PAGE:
Hopefully that clears things up.
 
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Pat Hartman

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Not a good design plan but whatever. The best option is to create a standard import if they want to import all the old data or even just specific data. Do not leave it to them to decide what to input or what version of the database to import from. You can force the import to be from the most recent copy of the database.

The problem with importing all the old data at this point and loading it into the collection tables is it allows the users to be sloppy with the collection and not address every item as they should. If you want to import the old copy for reference, I would put it in separate tables and find a way to make the forms show the old value next to the control for the new value if you want them to see the difference immediately. Otherwise, you can just run reports that show fields with unacceptable deviations.
 

The Rev

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I don't understand why what I am asking for is so difficult. Maybe if I boil it down... I need to:

1) Select an old database from the msoFileDialogFilePicker (Already have this down)
2) Get all of the [Requirement_Satisfied] field's data from that database's Tbl_Requirements
3) Insert that data into the [Requirement_Satisfied] field of the new database's Tbl_Requirements for the corresponding Requirement.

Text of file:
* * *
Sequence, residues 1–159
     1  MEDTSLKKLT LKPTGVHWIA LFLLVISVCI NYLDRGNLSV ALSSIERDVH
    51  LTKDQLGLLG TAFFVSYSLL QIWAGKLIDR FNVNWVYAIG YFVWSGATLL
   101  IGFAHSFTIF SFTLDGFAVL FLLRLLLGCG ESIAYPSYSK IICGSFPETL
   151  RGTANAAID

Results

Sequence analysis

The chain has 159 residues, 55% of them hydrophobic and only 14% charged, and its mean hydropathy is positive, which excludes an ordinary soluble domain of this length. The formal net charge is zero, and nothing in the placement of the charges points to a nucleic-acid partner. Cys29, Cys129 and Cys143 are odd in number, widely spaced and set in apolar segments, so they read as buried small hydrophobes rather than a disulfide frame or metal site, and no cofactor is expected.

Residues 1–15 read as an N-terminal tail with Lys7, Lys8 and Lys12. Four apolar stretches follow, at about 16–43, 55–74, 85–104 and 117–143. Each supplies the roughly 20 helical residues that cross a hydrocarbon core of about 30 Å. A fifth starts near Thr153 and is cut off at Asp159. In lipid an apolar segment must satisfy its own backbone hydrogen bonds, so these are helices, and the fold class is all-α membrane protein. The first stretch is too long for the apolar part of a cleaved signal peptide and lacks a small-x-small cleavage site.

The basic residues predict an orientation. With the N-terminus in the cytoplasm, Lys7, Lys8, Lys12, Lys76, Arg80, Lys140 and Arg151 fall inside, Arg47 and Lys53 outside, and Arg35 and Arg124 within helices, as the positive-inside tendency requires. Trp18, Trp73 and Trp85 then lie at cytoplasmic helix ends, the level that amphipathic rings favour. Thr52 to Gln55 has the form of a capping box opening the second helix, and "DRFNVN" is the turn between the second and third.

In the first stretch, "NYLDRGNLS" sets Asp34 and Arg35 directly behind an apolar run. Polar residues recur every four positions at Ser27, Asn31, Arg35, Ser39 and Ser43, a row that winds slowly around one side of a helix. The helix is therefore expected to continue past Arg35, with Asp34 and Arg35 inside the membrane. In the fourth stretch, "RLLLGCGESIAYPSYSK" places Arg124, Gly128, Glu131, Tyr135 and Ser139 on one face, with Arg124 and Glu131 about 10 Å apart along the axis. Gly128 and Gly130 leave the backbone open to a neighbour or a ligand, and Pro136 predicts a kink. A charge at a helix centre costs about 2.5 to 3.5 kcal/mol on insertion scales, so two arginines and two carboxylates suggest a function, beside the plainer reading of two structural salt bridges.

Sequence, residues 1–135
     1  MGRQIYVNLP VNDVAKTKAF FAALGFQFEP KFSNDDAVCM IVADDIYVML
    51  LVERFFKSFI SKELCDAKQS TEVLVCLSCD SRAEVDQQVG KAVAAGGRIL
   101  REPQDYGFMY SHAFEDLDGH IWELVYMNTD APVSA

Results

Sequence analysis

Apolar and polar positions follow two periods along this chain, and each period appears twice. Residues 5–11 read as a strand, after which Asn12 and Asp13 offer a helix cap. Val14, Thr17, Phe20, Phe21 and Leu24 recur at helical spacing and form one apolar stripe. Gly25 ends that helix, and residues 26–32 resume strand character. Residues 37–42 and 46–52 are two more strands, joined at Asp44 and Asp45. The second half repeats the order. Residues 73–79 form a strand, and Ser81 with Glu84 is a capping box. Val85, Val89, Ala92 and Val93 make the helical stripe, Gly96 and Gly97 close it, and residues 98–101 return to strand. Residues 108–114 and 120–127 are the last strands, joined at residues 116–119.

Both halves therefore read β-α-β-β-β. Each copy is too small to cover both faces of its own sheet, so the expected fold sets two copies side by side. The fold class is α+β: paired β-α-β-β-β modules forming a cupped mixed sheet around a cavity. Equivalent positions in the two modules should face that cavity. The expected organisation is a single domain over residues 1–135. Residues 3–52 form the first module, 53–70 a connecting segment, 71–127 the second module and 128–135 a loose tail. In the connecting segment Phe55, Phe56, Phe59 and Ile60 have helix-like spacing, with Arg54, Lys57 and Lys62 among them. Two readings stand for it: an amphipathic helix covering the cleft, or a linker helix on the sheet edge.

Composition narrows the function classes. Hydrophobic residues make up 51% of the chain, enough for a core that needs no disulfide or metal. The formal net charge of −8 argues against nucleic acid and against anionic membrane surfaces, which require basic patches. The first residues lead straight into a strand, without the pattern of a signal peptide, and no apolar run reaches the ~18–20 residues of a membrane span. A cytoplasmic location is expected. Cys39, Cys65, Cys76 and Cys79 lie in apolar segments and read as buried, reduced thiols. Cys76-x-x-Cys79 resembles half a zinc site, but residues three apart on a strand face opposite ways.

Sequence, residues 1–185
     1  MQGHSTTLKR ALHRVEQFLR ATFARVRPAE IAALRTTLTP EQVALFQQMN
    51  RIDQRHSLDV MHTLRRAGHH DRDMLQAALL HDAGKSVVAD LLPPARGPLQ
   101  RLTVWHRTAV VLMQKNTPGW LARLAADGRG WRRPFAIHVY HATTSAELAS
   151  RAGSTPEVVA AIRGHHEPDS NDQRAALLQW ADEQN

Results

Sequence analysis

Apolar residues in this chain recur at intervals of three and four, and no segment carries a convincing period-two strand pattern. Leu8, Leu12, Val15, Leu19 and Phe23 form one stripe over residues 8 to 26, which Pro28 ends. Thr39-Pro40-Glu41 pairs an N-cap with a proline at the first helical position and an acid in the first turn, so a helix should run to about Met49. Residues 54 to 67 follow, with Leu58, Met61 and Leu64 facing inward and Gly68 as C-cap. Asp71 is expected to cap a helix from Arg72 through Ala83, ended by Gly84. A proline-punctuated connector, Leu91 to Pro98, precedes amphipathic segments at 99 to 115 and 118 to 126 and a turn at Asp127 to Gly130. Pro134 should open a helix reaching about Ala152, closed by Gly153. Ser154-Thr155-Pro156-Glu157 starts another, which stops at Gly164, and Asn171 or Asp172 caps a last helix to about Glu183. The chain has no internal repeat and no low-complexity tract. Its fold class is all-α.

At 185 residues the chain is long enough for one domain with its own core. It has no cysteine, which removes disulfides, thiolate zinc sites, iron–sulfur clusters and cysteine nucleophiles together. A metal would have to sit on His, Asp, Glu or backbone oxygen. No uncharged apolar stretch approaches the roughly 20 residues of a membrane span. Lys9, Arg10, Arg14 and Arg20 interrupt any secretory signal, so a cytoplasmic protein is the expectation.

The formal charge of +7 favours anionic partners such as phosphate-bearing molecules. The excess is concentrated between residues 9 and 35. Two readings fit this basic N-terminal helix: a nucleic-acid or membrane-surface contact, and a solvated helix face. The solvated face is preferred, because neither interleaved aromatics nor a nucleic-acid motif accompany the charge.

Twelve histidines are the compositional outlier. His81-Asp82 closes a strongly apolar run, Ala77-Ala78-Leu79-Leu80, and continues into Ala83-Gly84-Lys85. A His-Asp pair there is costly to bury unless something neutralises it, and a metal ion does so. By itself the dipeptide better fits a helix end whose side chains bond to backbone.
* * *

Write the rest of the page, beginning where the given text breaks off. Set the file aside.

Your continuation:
I can deal with the rest, but for now, this is what I need to do.
 

Pat Hartman

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It is not difficult. Do exactly what you described. Your original request sounded like you wanted the user to decide to import some fields this time and other fields at a different time. Since you always knw what to import, let the user navigate to the BE. You link to the necessary table and use an append query to bring the data into the active db.
 

The Rev

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It is not difficult. Do exactly what you described. Your original request sounded like you wanted the user to decide to import some fields this time and other fields at a different time. Since you always knw what to import, let the user navigate to the BE. You link to the necessary table and use an append query to bring the data into the active db.

Again, I don't know exactly how to do the SQL code to make that happen. I tried the following:

"SELECT Tbl_Requirements.Req_Validation INTO Tbl_Requirements IN " & strSelectedItem & " FROM Tbl_Requirements;"

But it gives me the error that it must include a table or a query.
 

theDBguy

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Again, I don't know exactly how to do the SQL code to make that happen. I tried the following:

"SELECT Tbl_Requirements.Req_Validation INTO Tbl_Requirements IN " & strSelectedItem & " FROM Tbl_Requirements;"

But it gives me the error that it must include a table or a query.
Hi. Did you implement the change I suggested earlier?